“Below the middle part, there was but one body, and aboue the middle there was two liuing soules, each one separated from another.” (A description of an “unnaturall Childe,” from William Lithgow’s 1614 memoir of his travels in Europe, Asia, and Africa.) 

“There were about three hundred souls on board.” (From Lord Wolseley’s The Life of John Churchill, Duke of Marlborough, to the Accession of Queen Anne, 1894.)

“In Woodilee there was signing of the Covenant by every soul that could make a scart with a pen.” (From John Buchan’s novel Witch Wood, 1927. A “scart” is a scratch or mark.)

“Some immense airliner with hundreds of souls on board.” (From the Times of London, 1983.)

“In the early days … the Jewish community in Buenos Aires comprised just fifteen hundred souls.” (From Isabel Vincent’s book Bodies and Souls, 2005.)

We also use “soul” to mean a person when we say things like “not a soul was around” or “don’t tell a soul.” This has been common usage since the 16th century, the OED says.  

Similarly, a “soul” means a living person in expressions like “poor soul,” “honest soul,” “dull old soul,” and so on.

This construction—“soul” appearing with an adjective to mean a person having that character or quality—was first recorded in the late 15th century, the OED says.

Despite all these long-established uses of “soul” to mean a person, its use in news stories about loss of life does strike some people as odd.

We’ve found dozens of questions in online forums from people who apparently think a “soul” is one thing and a person is entirely another.

But there’s no conflict here. The Latin noun for “soul,” anima, has a similar range of meanings, as the OED points out.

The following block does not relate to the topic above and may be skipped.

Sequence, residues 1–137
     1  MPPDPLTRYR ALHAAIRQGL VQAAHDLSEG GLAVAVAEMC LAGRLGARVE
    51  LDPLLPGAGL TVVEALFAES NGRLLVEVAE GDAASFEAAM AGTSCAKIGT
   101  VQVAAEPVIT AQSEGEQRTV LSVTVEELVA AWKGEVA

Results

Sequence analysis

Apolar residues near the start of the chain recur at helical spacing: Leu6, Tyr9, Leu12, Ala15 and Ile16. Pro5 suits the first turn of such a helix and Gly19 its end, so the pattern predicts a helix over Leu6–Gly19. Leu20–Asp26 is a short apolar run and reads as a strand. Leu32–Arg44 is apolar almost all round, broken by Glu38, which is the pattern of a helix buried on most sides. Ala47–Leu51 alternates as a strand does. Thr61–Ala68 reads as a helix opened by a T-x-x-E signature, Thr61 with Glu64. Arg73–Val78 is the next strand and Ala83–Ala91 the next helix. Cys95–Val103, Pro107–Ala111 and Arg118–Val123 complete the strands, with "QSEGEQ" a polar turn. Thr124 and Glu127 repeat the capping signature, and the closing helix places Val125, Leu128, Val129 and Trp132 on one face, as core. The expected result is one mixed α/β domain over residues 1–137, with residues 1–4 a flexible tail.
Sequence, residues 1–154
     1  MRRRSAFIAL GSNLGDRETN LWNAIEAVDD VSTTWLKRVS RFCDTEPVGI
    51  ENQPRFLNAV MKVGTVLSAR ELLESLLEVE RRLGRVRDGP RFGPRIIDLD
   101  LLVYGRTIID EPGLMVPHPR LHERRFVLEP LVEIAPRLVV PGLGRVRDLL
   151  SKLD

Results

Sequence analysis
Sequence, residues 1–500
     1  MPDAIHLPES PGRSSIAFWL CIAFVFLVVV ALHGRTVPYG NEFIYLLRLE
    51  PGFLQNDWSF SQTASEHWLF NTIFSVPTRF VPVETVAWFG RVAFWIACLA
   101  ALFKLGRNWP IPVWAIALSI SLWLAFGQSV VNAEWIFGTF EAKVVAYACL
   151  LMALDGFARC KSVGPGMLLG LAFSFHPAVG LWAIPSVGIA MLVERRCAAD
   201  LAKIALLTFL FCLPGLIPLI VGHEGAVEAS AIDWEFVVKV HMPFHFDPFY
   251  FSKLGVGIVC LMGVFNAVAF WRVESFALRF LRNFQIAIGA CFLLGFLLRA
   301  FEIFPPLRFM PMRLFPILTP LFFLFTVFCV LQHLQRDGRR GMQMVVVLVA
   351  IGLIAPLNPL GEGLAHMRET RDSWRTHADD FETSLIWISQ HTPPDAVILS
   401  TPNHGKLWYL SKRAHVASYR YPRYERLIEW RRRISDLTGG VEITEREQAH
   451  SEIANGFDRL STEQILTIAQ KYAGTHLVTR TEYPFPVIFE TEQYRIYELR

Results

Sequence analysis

Cassell’s Latin Dictionary translates anima as meaning “the breath of life, the vital principle, soul (anima, physical; animus, spiritual).”

And Cassell’s adds that anima is “also used in other senses of the English ‘soul,’ ” namely “as a living being” and “as the rational soul.”

Each of the three broad meanings of “soul” we mentioned above can be broken down into many more specific senses, and these sometimes blur the division between the physical and spiritual.

For example, since early Old English, the #1 sense (the animating force of life) has included notions of the “soul” as the seat of consciousness, intelligence, character, one’s nature, even “the central or inmost part of a person’s being,” in the words of the OED.

These are all inherent in the living person, of course, but they’re sometimes contrasted with life’s purely physical side and spoken of in spiritual terms.

The #1 sense of “soul” includes a contemporary usage that isn’t as new as you might think. In fact, it dates back to Shakespeare’s time.

This is the sense of the word we often find in reference to artistry, aesthetic qualities, deep feelings, intellectual power, and the like (as in “Billie sings with a lot of soul”).

The OED’s earliest citation for this sense of the word is from Othello (written around 1603): “Those fellowes haue some soule.”